Catherine Beaudette: An artist, curator, educator and community organizer, Catherine has long been involved in art initiatives that position art in the public realm—from initiating independent art exhibitions in a variety of alternative spaces to founding Loop Gallery in Toronto. She is Associate Professor at Ontario College of Art and Design University, and the Founder and Director of 2 Rooms Contemporary Art Projects, a non-profit contemporary art gallery, historical artifact museum and international artist residency in Duntara, NL. She lives in Duntara and Toronto.

Patricia Grattan: Patricia was the Director and Chief Curator of Memorial University Art Gallery for over 20 years. Now an independent curator, writer and visual art consultant based on St. John’s, NL, she works with such organizations as Tasmania’s Ten Days on the Island Festival, Queen’s University in Belfast, McMichael Canadian Art Collection and City of St. John’s. Patricia is one of five curators authoring a book on Canadian Indigenous and non-Indigenous landscape art (published in Fall 2017 by Vision 1, Vancouver).  She received the Royal Canadian Academy’s RCA Medal for contributions to the visual arts in Canada and was inducted into the Newfoundland and Labrador Arts Council Hall of Honour, both in 2012.

Who is behind the Bonavista Biennale?

The Bonavista Biennale started as an idea among a few friends for a major art event on the Bonavista Peninsula. A volunteer organizing committee was formed to move the idea forward, securing financial and other support and laying the groundwork for the event. The Bonavista Biennale is a project of 2 Rooms Contemporary Art Projects, a non-profit gallery, museum and artist residency in Duntara, NL on Bonavista Bay. This year’s Biennale, Art Encounters on the Edge, is run by both volunteers and staff.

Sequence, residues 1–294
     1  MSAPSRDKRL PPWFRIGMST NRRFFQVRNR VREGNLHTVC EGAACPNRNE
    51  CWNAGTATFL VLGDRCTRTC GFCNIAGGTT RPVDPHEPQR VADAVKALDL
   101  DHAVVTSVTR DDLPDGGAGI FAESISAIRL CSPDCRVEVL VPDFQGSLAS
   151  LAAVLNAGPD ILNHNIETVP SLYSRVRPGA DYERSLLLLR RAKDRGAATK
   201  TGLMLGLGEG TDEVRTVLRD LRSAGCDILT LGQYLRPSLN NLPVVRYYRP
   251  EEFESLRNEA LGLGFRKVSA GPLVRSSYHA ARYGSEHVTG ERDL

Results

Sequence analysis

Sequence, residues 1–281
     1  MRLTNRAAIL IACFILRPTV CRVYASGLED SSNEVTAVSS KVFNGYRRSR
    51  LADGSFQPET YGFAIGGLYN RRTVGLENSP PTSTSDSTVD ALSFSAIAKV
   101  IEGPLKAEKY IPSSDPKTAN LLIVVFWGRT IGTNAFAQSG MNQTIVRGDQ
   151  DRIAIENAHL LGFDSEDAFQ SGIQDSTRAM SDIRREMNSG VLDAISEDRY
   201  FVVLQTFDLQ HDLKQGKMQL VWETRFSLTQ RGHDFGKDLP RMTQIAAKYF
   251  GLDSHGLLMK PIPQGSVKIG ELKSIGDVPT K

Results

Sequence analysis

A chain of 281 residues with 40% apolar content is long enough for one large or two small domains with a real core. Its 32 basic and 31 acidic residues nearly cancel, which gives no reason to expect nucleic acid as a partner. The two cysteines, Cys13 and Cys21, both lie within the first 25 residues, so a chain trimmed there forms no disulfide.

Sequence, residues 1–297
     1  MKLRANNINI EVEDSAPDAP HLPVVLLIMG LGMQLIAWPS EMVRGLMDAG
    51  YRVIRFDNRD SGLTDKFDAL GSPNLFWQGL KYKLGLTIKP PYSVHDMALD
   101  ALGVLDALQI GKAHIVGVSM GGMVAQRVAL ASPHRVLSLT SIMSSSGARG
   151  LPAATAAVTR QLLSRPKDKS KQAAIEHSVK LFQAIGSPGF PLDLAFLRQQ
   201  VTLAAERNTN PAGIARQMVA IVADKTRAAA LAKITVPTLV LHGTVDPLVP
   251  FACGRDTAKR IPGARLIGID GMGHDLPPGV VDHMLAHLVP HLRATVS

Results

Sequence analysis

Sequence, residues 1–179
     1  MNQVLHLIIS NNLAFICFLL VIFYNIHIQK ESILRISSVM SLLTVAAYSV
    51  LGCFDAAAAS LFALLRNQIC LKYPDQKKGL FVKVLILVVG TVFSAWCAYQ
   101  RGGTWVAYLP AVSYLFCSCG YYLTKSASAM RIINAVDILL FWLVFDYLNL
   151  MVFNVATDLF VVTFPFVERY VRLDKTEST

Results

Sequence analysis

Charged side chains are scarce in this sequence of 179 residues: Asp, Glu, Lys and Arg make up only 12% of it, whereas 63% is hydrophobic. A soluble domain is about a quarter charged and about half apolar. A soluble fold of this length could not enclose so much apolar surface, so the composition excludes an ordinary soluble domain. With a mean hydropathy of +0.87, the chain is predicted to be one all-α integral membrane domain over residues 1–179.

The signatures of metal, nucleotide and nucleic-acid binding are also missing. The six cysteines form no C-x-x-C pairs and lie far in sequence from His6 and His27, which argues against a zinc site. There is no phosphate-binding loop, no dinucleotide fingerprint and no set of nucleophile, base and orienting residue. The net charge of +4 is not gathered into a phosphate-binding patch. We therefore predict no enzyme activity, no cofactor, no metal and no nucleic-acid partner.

Why did you choose the Bonavista Peninsula?

The people involved in starting the Bonavista Biennale live full- or part-time in Newfoundland, most of them on the Bonavista Peninsula. They share a belief in and commitment to the potential for the area, and believe that a bi-annual major art exhibition of regional, national and international note can contribute to a future already unfolding in this new tourism “hot spot”. The Bonavista Biennale is a first for Newfoundland, unique in the Atlantic Provinces at this time, and significant in the Canadian cultural landscape. The organizers hope that the Bonavista Biennale will become a point of pride for both province and the peninsula, and an internationally-recognized cultural meeting place for artists, art lovers, tourists and residents.

How is the Bonavista Biennale funded?

The founding sponsor is Fishers’ Loft in Port Rexton, NL. Bonavista Biennale 2017 is also funded by the Canada Council for the Arts (New Chapter Fund), the Government of Canada (Canada 150 Fund and Atlantic Canada Opportunities Agency), the Government of Newfoundland and Labrador and ArtsNL. We are raising additional funds from businesses and individual donors. We are also receiving significant in-kind support from local heritage and cultural and business organizations, communities and individuals, including those who are providing exhibition sites.